- In adolescents and adults, the disturbance is manifested by symptoms such as a stated desire to be the opposite sex, frequent dressing as the opposite sex, desire to live or be treated as the opposite sex, or the conviction that he or she has the typical feelings and reactions of the opposite sex.
- Persistent discomfort with his or her sex or sense of inappropriateness in the gender role of their sex. In adolescents and adults, the disturbance is manifested by symptoms such as preoccupation with getting rid of primary and secondary sex characteristics (e.g., request for hormones, surgery, or other procedures to physically alter sexual characteristics to simulate the other sex) or belief that he or she was born the wrong sex.
- The disturbance is not concurrent with a physical intersex condition.
- The disturbance causes clinically significant distress or impairment in social, occupational, or other important areas of functioning.
- Specify if (for sexually mature individuals): Sexually attracted to males, Sexually attracted to females, Sexually attracted to both, Sexually attracted to neither
- Differentiation of sex vs. gender – The terms sex and gender are commonly, mistakenly, considered interchangeable. Stoller (1968) defines sex as the sum of overt anatomical and physiological differences between male and female. Gender, separate from sex, refers to the sum of behavioral or psychological differences between the sexes.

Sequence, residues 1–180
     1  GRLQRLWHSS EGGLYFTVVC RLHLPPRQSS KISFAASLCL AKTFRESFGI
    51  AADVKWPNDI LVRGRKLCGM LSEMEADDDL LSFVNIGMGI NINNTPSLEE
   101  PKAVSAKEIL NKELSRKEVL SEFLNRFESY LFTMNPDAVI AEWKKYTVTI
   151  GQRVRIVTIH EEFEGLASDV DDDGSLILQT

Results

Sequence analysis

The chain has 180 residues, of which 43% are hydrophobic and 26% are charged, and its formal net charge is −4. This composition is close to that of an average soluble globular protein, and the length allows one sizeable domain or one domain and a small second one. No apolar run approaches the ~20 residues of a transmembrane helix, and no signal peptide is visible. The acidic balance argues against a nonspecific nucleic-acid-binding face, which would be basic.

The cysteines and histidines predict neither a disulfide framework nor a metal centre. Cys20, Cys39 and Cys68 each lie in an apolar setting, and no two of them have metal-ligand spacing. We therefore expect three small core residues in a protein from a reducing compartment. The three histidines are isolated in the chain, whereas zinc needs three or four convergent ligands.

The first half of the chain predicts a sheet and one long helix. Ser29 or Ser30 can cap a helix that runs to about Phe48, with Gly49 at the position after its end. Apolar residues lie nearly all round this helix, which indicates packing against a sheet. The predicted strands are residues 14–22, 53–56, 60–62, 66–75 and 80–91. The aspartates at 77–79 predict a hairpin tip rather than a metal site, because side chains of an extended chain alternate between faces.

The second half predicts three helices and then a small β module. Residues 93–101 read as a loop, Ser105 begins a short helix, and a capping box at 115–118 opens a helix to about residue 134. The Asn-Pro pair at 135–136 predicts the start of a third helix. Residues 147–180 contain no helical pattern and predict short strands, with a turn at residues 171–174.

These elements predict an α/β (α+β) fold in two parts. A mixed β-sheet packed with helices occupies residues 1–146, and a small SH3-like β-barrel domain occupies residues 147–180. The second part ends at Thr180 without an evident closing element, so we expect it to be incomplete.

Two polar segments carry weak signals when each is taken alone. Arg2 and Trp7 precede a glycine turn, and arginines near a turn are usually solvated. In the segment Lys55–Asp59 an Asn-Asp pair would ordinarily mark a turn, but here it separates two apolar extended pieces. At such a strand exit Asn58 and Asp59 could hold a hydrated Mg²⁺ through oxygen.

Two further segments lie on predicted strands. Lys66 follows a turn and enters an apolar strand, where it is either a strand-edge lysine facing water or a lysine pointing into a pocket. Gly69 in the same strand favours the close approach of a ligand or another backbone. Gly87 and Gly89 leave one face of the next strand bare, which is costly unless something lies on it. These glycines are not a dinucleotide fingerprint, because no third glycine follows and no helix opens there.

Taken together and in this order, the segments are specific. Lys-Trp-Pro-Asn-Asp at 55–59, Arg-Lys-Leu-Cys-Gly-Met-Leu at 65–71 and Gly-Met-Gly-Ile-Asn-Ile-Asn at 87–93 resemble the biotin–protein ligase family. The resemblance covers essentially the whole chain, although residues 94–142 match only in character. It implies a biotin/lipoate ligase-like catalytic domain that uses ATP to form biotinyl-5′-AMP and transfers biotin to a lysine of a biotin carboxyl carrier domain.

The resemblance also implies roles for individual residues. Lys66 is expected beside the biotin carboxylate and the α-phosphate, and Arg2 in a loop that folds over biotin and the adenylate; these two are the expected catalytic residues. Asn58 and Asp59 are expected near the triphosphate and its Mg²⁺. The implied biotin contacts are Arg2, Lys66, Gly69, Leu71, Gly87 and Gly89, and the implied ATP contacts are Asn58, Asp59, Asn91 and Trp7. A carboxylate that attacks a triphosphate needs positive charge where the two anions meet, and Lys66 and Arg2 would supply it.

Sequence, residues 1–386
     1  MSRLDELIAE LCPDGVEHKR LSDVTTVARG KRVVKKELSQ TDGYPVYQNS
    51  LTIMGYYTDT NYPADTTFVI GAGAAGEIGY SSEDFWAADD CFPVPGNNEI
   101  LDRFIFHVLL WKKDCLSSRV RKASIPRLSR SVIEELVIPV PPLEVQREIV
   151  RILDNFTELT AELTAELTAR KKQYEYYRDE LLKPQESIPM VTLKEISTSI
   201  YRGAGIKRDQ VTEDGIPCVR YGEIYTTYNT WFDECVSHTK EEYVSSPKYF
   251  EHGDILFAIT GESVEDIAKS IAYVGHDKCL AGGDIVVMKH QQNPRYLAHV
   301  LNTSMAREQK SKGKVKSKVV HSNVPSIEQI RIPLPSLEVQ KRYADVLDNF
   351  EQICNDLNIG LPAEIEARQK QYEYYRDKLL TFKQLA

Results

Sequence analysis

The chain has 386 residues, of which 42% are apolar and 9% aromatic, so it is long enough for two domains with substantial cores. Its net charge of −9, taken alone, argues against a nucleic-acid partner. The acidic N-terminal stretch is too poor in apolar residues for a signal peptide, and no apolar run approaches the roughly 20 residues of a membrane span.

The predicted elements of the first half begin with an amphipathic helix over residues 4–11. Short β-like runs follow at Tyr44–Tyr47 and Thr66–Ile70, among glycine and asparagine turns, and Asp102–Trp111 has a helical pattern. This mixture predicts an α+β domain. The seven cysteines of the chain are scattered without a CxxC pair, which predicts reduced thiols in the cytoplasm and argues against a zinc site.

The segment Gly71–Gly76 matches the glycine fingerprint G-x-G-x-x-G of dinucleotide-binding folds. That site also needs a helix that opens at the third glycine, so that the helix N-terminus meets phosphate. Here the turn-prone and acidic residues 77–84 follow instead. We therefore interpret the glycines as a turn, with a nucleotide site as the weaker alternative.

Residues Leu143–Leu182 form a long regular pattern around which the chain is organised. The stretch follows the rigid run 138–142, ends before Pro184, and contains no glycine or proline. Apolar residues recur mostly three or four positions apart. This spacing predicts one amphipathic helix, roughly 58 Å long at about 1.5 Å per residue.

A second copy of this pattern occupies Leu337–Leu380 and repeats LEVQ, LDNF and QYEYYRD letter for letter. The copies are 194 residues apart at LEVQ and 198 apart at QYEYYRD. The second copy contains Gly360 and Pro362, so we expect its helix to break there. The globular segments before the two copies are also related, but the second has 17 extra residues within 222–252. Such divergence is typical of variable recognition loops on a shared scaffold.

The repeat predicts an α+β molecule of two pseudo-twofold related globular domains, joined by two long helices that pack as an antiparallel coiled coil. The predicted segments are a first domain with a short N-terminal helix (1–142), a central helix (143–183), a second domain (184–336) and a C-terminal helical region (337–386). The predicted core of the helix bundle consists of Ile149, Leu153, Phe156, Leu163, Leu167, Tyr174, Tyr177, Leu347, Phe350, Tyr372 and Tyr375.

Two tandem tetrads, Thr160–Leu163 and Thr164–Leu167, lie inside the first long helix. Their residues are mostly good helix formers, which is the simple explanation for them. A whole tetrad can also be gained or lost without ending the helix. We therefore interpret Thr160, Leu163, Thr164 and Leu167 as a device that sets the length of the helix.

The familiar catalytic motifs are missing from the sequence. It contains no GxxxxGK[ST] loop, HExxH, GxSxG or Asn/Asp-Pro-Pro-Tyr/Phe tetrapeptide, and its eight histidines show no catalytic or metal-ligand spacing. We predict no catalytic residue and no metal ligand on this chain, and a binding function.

- General descriptive features – Individuals with GID experience strong, persistent desires to live as the opposite sex. These desires lead to pervasive distress over their assigned sex. Adults, often independent of immediate familial pressures, may seek hormonal treatment or gender reassignment surgery in order to pass as the opposite sex. This appearance is further enhanced by cross-dressing. Tension may exist between individuals with GID and their families; tension is typically greater when the subject is male, though generally neither males nor females are supported by their families in matters relating to their dissatisfaction with their assigned sex. In extreme cases, individuals with GID may resort to mutilation of, or self-removal of, their genitalia.